Everyone has heard of companies going out of business and thousands and thousands of workstations flooding the market so they think they can pick up a cubicle for next to nothing. Well the truth is it costs the used furniture dealer a lot of money to break down, ship and warehouse the cubicles. When a cubicle is purchased the labor to pull all the parts and prepare them for ship out is huge. Even with all the expenses involved you WILL save thousands of dollars when you buy used or preowned cubicles. The average list price for a new cubicle is $12,000 or more. There is usually a 50-80% discount from the list price depending on the quantities that are ordered, but you're still looking at $3000-$6000 for a new cubicle. As Mike Burns says "The used furniture dealer puts liquidity in the market." If there was not someone to purchase or liquidate these items and then find companies that need these products, most of the used furniture would be thrown away and companies would be forced to buy new. The used furniture dealer usually purchases large inventories of hundreds of cubicles at a time. Most business fims don't need that many and they can not handle the excess or find additional parts if needed. Most used furniture dealers carry a stock of commonly needed parts for the cubicles they sell.

Here are some commonly used terms you may hear when looking for used cubicles-

1. "8x8 loaded!" this refers to a cubicle which measures 8 feet by 8 feet, which use to be the most common size for a cubicle. These days cubes are getting smaller as corporations try to stay in business by shrinking the amount of needed office space and in turn making the cubicles smaller. It is very common to have 6 feet by 6 feet cubicles. "Loaded!" means the cubicle has at least 2 overhead shelves or flipper doors with lights, tackboards, 2 sets of drawers (pedestals) a computer corner worksurface and 2 strait worksurfaces.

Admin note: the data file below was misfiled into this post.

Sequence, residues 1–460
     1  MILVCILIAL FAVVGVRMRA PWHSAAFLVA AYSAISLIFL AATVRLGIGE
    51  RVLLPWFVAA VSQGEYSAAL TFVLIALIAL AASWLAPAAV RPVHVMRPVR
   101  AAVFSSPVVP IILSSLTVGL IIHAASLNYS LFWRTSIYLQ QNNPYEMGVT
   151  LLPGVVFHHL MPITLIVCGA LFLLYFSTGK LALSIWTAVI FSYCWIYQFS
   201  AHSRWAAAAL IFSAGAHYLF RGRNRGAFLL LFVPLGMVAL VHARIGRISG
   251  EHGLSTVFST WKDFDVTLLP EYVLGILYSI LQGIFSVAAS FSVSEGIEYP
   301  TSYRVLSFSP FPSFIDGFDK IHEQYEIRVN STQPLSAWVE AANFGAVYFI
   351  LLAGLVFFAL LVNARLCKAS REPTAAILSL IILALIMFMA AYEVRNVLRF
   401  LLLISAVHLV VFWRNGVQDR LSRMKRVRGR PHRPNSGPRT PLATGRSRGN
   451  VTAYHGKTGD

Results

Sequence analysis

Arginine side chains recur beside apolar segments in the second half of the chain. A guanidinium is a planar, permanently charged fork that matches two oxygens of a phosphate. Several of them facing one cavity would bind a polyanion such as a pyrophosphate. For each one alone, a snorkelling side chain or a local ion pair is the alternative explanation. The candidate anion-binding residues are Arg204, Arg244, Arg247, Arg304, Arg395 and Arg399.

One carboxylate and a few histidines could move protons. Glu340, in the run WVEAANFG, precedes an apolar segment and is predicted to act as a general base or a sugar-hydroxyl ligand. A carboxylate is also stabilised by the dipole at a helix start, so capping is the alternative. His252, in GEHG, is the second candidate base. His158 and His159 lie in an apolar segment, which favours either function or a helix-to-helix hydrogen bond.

2. "Telemarketing station" a very small workstation commonly used for telemarketers where the occupants just need room for a computer and phone, but can be used in real estate offices, mortgage offices, outside sales positions or as "hoteling" stations for visitors.

3. "Panels" this means the cubicle partition or wall. I had a client who use to call them fuzzy walls.

4. "Powered Panels" most cubicles are prewired for electrical and have this option. If you're only going to put in one or two cubicles powered panels may not be necessary. Almost every cubicle system has a "raceway" where data and telephone lines can be concealed and ran through.

5. "Worksurface" this is the desk top. Most workstation components hang from the cubicle partitions there are a few exceptions though.

6. "Flipper Doors" most cubicles have shelves that hang near the top of the panel. The flipper door turns an open shelf into a covered overhead unit that can be locked.

7. "Pedestal or Peds" this refers to the drawers that hang underneath the worksurface. It's really a desk drawer set. I'm not sure where the word came from.

8. "Workstation, Systems Furniture, Modular Furniture" they all mean cubicle.

9. "Task light, or Tasklight" this refers to a fluorescent light mounted underneath the open shelf or flipper door.

10. "Preowned Furniture" used furniture

11. " Refurbished Furniture" old furniture with new fabric, paint and laminate.

12. "Spaceplanning or Space Planning" a design of your office showing how the cubicles will be set up. It also shows the various sizes and components of the cubicle system which is very useful for the installation.